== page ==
“We hope to be able to confirm plans around the men’s World Cup in 2019, and we anticipate having a number of Premier fixtures, but also the women’s world cup in 2017. There will be news on that we hope very shortly.
“The facilities, I hope you agree, are superb in this new pavilion in terms of capacity, hospitality, entertainment and, in your case, for the media. You are going to see a huge step change.
A very big day for Somerset County Cricket Club!”
I have to say the short tour did not disappoint and the new facility is magnificent. The views from the new stands are breath-taking – not just the playing areas but the surrounding hills and countryside. The facilities are top class and will offer fabulous value for all those who use them.
This investment will indeed elevate Somerset County Cricket Club to a whole new level of supporter comfort and hospitality, press coverage and – for the business heads – substantial increases in income. The ground’s capacity will increase to 7,800 (as things stand) and the club’s officials will spend the winter exploring other areas of the ground which can be improved with even more seating so that the ultimate goal of a 15,000 seater stadia can be achieved to host international cricket.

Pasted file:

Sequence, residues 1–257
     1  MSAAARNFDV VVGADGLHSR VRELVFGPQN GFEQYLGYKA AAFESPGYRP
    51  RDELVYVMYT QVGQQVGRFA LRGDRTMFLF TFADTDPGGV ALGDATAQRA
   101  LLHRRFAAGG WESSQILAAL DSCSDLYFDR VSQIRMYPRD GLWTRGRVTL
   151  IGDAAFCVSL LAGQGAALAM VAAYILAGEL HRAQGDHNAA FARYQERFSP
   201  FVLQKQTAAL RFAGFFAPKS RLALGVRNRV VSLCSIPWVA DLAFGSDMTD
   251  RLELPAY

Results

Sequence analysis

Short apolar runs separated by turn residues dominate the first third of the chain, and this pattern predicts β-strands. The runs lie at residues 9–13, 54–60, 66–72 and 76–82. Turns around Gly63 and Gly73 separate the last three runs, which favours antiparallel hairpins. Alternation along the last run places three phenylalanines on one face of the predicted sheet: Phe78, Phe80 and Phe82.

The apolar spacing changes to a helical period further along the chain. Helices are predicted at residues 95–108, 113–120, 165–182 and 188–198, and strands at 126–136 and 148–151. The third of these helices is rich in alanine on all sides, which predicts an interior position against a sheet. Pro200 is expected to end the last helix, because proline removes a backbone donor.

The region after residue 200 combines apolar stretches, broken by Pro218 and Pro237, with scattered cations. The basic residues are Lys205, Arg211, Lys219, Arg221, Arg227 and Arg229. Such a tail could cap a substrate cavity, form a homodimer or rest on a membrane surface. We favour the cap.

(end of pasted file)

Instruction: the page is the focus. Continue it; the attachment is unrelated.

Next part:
And if any supporters thought this investment placed the club in potential financial peril then the announcement this week that the club has once again reported strong financial results will be a relief. In all Somerset showed a pre-tax surplus of £330,389 and an EBITDA of £411,681 and continue to be regarded as one of the most financially astute clubs in county cricket, if not all sports.
And the club continue to invest in the playing squad. Players like Gayle, Pollard, Morkel, Arafat and Ronchi come at a premium and the club has invested wisely in the Academy which will continue to produce the next Jos Buttler’s and James Hildreth’s of this world.
The club is heading in the right direction – no doubt about that in my mind – even if performances on the field have been disappointing in the last 2-3 seasons. And the new stand and recent financial results show that Somerset County Cricket Club is able to balance the demands of a large and passionate supporter base by investing in a team but not to the detriment of comfort and safety.